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Staying active in a pandemic

April 17, 2020 | UCI Health
Staying active during the pandemic

Is your favorite form of exercise a vigorous workout at the gym? A session at a Pilates studio? A recreational league dodgeball game?

These and most other popular activities are shut down as we shelter in place to protect ourselves and others from COVID-19.

Yet exercise is as important than ever. Physical activity not only takes our mind off our worries for a little while — or at least keeps us from scanning the internet for continuous updates on the pandemic — it actually reduces stress. It’s good for our overall well-being and it helps us avoid weight gain.

But getting exercise seems more difficult when access to our usual routines are cut off and we are corralled in our homes much of the time.

“If we’re all at home more than we used to be, we may tend to be more sedentary,” says Dr. Brian Y. Kim, a UCI Health family physician and sports medicine specialist. “We’re all together in limited space.”

Still, there are so many activities we can do at little to no cost, Kim says. He offered the following suggestions.

Go outside

The outdoors isn’t forbidden. On the contrary, state and local health officials have encouraged Californians to get out in the fresh air for a walk, run or bike ride.

It’s understandable that people may be fearful of being exposed to the novel coronavirus, but Kim notes that “the virus is transmitted mainly as droplets when people sneeze or cough, and those get more diluted when you’re out in open air.”

Even so, observing these safety protocols is important:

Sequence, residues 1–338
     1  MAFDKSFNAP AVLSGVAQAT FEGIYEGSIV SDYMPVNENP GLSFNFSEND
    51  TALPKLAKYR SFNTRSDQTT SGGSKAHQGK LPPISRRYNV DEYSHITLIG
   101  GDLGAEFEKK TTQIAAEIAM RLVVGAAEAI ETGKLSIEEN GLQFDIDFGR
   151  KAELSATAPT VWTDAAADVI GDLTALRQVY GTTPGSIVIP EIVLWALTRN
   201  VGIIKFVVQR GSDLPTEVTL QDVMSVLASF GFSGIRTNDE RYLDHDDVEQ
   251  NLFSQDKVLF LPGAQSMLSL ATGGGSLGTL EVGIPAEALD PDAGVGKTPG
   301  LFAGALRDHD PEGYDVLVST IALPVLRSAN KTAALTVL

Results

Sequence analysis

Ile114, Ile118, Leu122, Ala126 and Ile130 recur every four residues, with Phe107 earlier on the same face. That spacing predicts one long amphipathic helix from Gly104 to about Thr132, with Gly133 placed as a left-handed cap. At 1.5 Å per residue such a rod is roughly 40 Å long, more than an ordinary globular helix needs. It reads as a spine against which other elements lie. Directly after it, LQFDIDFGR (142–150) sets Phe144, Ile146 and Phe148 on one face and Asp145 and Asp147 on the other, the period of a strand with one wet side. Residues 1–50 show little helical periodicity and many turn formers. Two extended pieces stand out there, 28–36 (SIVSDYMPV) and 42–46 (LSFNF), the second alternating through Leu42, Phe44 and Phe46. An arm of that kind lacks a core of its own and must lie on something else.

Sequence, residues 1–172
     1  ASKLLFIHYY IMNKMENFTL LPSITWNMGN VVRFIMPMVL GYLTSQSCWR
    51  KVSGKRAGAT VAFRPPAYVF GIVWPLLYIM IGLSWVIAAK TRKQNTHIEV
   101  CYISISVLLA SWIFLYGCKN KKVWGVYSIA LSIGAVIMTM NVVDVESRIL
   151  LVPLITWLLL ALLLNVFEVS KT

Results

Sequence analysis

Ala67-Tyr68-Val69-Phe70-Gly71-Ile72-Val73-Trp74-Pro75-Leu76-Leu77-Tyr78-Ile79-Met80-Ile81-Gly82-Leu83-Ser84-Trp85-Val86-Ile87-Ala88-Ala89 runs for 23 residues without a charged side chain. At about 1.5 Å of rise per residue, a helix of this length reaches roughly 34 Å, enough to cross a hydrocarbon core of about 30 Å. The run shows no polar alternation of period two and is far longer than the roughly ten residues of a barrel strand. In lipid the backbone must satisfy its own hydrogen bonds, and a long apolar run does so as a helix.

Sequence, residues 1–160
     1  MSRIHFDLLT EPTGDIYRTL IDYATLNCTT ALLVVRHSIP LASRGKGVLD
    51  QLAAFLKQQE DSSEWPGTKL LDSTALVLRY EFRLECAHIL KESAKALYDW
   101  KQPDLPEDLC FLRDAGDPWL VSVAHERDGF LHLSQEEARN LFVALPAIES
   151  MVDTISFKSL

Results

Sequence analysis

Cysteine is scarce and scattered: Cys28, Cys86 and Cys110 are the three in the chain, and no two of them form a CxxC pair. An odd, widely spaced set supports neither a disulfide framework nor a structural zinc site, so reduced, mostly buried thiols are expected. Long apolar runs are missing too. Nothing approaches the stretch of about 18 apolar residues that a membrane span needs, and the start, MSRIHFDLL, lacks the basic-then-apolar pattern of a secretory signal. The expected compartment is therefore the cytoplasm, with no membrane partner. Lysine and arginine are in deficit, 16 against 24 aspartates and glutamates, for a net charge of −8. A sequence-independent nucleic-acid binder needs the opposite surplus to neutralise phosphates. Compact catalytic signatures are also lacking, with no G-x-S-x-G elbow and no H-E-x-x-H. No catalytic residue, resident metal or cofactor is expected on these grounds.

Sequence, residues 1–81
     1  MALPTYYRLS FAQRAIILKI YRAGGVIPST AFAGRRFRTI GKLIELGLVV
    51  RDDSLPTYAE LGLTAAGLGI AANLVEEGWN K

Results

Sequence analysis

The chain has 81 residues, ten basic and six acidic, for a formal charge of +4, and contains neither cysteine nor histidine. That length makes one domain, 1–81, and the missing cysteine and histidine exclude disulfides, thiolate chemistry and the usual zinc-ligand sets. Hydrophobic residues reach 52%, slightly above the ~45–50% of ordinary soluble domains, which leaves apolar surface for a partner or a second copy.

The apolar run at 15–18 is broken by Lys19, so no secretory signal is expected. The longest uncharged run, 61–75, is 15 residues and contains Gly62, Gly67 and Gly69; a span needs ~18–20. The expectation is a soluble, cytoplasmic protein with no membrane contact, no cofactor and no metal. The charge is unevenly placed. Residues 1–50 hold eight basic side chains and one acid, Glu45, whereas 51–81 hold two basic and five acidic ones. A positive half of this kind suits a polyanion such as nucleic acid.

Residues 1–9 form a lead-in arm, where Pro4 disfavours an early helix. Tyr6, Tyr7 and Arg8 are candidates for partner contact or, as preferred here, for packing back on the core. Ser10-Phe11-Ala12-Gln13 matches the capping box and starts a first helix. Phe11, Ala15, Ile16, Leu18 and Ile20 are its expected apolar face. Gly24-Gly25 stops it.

• No group hikes or 10-person bike rides
  • Stay with people from your household if you need company
  • Stay at least 6 feet from others
  • Wear a mask
  • Don’t touch your eyes, nose or mouth
  • Try to avoid touching surfaces
  • Carry hand sanitizer with you

“When you encounter people out there, be conscious of maintaining distance,” Kim says. “Give people space as you pass them. And if you come to a crosswalk signal, press it with your elbow instead of your hand.”

Be aware of any changes in access to parks, beaches and other public spaces, given that local governments have been restricting parking in some areas to prevent crowds. As a general rule of thumb, if you encounter a large number of people outdoors, look to get your exercise elsewhere.

Make home your gym

At-home workouts are hardly new. Jack LaLanne, Jane Fonda and Richard Simmons had millions of people breaking a sweat in front of their TVs.

YouTube has long offered fitness videos of all types, including classes tailored for senior citizens. Now even your favorite gym may have launched free apps and online courses to keep you moving during the COVID-19 pandemic.

Consider trying something entirely new, such as yoga, which is great for strengthening muscles, improving balance and promoting relaxation.  Some online training programs are now offering a variety of free yoga classes, from beginner to more advanced, Kim says.

Online classes in Pilates and many other forms of exercise are also available at no cost.

A regimen to aim for

Workouts should involve a mix of aerobics to get the heart and lungs pumping, stretches and strength-building exercises, Kim says. Your regimen should include:

  • 150 minutes of cardio workout over the course of a week, including sit-ups, push-ups, squats and lunges
  • Two to three sessions of muscle strengthening and stretching weekly

Don’t have weights or exercise bands? No problem. Soup cans or other items in your pantry can double as weights. Towels, nylons or robe ties can help with stretch exercises; chairs and stairs can help with balance and stretches.

And if you’re lucky enough to have a backyard, you can get some sunshine — and all-important vitamin D — while you work out.

Even vigorous housecleaning can be good exercise, Kim says. Other options might include gardening, construction and fix-it projects around the house that you’ve been putting off.

If you haven’t had a regular exercise habit before, this could be the perfect time to build one, Kim says. And if you’ve let your previous regimen lapse, this could be an opportunity to try some new moves.

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